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Five Difficult Pieces

New York
Tisch Center for the Arts
10/07/2000 -  
Ludwig van Beethoven: Sonata # 30
Arnold Schoenberg: Three Pieces, Op. 11
Frederic Chopin: Ballade # 4
Isaac Albeniz: Evocation from Iberia
Serge Rachmaninoff: Sonata # 2

Ian Fountain (piano)

Romanticism was viewed from five different perspectives last evening as young Briton Ian Fountain exhibited his strong and solid style to a woefully tiny audience at the 92nd Street Y. In the Beethoven, Fountain displayed sure technique but was uncharacteristically reserved, exploring the intellectual side of the piece but not delving deeply into its emotional core. Quite another matter was the Schoenberg. Many competent pianists miss the highly charged emotion of this groundbreaking work, but Fountain dug in and exposed a wildly beating heart under the search for unreserved pantonality. These ten minutes, which changed the world of music forever, are often treated dryly and academically; it was truly a pleasure to hear them played like the mainstream Romantic tone poems which they essentially are. The last movement, beginning as it does in the Bacchic exhilaration of total harmonic freedom, was thrilling.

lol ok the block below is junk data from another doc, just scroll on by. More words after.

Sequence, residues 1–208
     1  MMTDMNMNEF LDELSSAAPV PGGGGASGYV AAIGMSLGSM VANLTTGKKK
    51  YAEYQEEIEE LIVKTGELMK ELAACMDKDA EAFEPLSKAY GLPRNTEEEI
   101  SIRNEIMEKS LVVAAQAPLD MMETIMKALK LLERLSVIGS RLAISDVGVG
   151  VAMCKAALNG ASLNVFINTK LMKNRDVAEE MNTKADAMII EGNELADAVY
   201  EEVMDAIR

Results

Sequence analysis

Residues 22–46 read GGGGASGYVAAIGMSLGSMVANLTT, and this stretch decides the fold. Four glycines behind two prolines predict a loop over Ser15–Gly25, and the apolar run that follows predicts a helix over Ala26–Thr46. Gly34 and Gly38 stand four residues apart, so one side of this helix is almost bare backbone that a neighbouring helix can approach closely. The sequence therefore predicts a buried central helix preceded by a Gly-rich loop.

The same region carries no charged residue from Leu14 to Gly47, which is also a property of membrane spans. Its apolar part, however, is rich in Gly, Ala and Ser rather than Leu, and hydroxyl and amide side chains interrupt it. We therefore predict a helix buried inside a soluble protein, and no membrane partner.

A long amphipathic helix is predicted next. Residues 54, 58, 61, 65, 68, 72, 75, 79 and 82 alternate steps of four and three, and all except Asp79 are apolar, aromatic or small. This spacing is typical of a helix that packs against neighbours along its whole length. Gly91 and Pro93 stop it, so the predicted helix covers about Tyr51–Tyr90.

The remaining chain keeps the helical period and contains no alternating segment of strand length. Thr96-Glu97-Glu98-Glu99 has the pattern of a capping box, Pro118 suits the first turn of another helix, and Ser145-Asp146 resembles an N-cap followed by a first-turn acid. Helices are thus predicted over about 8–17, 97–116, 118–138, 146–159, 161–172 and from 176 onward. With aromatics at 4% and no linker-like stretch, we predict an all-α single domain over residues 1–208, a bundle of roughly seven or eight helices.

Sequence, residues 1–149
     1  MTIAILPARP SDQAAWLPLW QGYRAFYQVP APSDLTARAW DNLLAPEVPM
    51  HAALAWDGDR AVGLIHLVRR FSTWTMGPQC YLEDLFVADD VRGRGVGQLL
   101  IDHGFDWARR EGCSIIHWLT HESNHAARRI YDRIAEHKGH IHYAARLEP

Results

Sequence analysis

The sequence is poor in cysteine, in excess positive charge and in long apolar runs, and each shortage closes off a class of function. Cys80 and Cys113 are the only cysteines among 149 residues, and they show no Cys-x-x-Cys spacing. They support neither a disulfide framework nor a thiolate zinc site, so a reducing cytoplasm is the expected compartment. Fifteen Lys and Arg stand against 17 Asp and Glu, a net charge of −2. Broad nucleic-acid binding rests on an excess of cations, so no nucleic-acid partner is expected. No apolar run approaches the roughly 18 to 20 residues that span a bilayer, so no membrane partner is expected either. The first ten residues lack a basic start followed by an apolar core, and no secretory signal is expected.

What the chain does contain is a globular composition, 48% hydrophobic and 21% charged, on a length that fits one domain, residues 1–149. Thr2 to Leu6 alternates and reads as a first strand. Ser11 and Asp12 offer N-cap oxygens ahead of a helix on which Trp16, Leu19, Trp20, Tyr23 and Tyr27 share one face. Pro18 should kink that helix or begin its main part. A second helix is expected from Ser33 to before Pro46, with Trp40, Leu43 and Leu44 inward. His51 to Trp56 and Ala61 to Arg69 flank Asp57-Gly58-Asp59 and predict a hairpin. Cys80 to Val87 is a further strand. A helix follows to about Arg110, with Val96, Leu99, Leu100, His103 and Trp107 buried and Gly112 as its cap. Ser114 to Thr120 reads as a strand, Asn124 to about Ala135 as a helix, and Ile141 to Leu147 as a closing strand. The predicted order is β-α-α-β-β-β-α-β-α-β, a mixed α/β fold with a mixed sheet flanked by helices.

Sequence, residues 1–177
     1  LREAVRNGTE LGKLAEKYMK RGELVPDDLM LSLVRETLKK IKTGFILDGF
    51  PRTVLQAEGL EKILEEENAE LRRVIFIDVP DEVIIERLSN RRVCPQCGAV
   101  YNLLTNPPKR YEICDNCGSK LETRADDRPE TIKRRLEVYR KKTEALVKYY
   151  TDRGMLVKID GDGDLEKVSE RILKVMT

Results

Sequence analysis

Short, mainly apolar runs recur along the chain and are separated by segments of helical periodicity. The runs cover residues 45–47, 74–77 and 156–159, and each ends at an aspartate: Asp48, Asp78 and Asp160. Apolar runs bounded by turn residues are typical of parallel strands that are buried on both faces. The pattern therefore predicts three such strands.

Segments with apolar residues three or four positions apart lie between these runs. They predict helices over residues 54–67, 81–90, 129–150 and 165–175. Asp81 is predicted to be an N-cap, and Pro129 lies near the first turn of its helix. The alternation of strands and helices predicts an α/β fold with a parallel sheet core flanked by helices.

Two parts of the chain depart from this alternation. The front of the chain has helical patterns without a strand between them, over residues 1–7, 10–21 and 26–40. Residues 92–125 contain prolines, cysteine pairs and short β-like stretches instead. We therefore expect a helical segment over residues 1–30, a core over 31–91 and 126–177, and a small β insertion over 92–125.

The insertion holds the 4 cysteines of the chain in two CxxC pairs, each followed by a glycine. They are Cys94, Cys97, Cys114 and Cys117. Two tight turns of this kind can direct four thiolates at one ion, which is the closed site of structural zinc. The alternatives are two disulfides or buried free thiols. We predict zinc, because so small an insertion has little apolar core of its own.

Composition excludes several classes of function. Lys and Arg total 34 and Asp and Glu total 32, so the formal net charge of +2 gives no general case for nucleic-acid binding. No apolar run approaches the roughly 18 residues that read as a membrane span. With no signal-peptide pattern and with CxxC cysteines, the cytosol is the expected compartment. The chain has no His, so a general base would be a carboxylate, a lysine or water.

Mr. Fountain also showed his balanced ability to present the drama of the emotional crescendo. The Chopin begins quietly and builds to an orgiastic level of tension and left-handed volume. This youngest ever Rubinstein prize winner is a strapping lad and his large hands are perfect for this type of piece (much more apt than Chopin’s delicate frame), his natural abilities never sounding any sense of strain. Exotically poetic was the Albeniz, its subtle hints of Levantine airs evoking the warm breezes of Mediterranean romance.

But it was in the Rachmaninoff wherein this potential star really shone. Possessing the composer’s imposing physical stature, Fountain was up to the task of so many notes, runs and cross-handed melodic volleying. Again his strong left hand carried the day, the heartbreaking tertiary themes exploding from the modal chrysalis created in the second movement, an almost unbearable potion of depression, regret, longing and intense tension. Here is the true heart of Romanticism itself, the composer laying bare his own fragile psyche and the able interpreter serving it up whole. A pity that there were so few to hear.

Given the draining nature of the program and the sparse crowd, encores were out of the question. There will be very few of us in future years who can say with veracity that we were there when Ian Fountain made his New York recital debut.

Frederick L. Kirshnit



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